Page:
The Government’s study on spurious drugs in the country is set to gain momentum in the next few months, a senior Government official said.

The Central Drugs Standard Control Organisation (CDSCO) in consultation with the Indian Statistical Institute and other partners, including the State drug controllers, have put in the basic framework on how to carry out the study, including details on the category or medicines to be covered, said Bangarurajan, Deputy Drugs Controller, CDSCO (West Zone).

With the basic framework in place, the study will be rolled out in terms of actually picking up samples from across the country and analysing them before coming out with a final report, he said, speaking on the sidelines of a pharmaceutical industry event organised by the Indian Drug Manufacturers’ Association. About 15 categories of medicines, such as anti-malarials and antibiotics, have been identified to be surveyed, he added.

Former Drug Controller-General of India, Surinder Singh, who is now Director of the National Institute of Biologicals, heads this committee that is studying the prevalence of spurious drugs.

The study gains in significance against the backdrop of quality questions being raised on Indian medicines by overseas regulators. The Indian drug regulatory representative, however, added that local authorities were also keeping an eye on local pharmaceutical products and their quality has been improving over the years.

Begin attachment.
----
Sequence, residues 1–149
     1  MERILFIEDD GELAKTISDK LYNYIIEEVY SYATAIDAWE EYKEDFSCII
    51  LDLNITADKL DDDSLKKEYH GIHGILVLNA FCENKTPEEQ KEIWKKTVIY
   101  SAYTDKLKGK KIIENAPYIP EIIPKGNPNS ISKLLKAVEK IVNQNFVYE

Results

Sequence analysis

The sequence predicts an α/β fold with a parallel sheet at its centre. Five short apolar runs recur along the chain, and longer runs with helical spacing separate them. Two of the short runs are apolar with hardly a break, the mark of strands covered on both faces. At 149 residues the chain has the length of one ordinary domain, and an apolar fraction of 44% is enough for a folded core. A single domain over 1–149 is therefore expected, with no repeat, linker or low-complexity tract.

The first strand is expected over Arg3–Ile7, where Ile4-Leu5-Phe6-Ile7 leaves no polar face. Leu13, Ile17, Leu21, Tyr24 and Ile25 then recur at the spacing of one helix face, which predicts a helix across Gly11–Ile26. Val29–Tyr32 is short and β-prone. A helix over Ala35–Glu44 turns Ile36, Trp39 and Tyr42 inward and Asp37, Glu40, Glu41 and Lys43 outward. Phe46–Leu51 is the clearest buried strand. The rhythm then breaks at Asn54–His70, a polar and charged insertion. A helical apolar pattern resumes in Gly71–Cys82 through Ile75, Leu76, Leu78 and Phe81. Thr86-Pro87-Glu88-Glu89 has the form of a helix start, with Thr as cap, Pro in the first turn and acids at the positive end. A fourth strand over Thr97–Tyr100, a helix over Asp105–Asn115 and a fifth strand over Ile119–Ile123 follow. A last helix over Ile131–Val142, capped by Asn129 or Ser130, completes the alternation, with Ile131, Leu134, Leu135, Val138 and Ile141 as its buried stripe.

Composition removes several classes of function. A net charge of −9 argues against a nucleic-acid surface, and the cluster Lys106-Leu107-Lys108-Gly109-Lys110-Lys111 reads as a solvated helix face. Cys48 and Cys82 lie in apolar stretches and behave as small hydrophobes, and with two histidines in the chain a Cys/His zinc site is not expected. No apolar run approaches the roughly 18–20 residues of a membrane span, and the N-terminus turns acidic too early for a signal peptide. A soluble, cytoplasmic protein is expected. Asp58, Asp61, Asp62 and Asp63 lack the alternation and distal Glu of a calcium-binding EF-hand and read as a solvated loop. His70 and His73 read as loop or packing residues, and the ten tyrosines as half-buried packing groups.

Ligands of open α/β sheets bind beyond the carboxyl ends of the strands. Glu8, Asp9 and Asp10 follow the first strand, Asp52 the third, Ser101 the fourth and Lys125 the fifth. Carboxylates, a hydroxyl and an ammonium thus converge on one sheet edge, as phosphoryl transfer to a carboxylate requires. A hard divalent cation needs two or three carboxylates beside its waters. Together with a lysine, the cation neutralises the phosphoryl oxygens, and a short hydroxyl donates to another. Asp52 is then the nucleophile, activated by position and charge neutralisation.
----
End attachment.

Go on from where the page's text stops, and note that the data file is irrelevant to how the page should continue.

A similar study on spurious drugs was conducted in 2009, where 24,000 samples were picked up from across the country. The prevalence of spurious products was found to be about 0.04 per cent, he said.

Various numbers are discussed when it comes to the prevalence of spurious drugs in India, including numbers attributed to the World Health Organisation, that have in fact been denied by the WHO, he said.

Drug reactions

Meanwhile, the Government is also expanding the number of Adverse Drug Reaction (ADR) centres in the country to record incidents of reactions related to medicines. From about 150 now, it would go up to over 380 by 2015, he said, adding that all Government medical colleges would have an ADR centre. This expansion comes even as the Government doubles its drug regulatory personnel from about 1,500 at present.

The drug regulator is already collaborating with foreign regulators during inspections of local drug plants, he said, on the steps being taken by India to harmonise its drug regulations with international laws.

At a recent conference on drug regulations in Brazil, he said, regulators were concerned with the uniformity of Good Manufacturing Practices norms across different countries. The thinking was on whether inspections done by one regulator could be picked up by others to avoid multiple inspections, he said.

On harmonisation of regulations across countries, Ronald Piervincenzi, Chief Executive Officer of the US Pharmacopeia, said it would benefit industry as it makes them more efficient with a single approach on quality standards across markets, even as it eliminates multiple testing.


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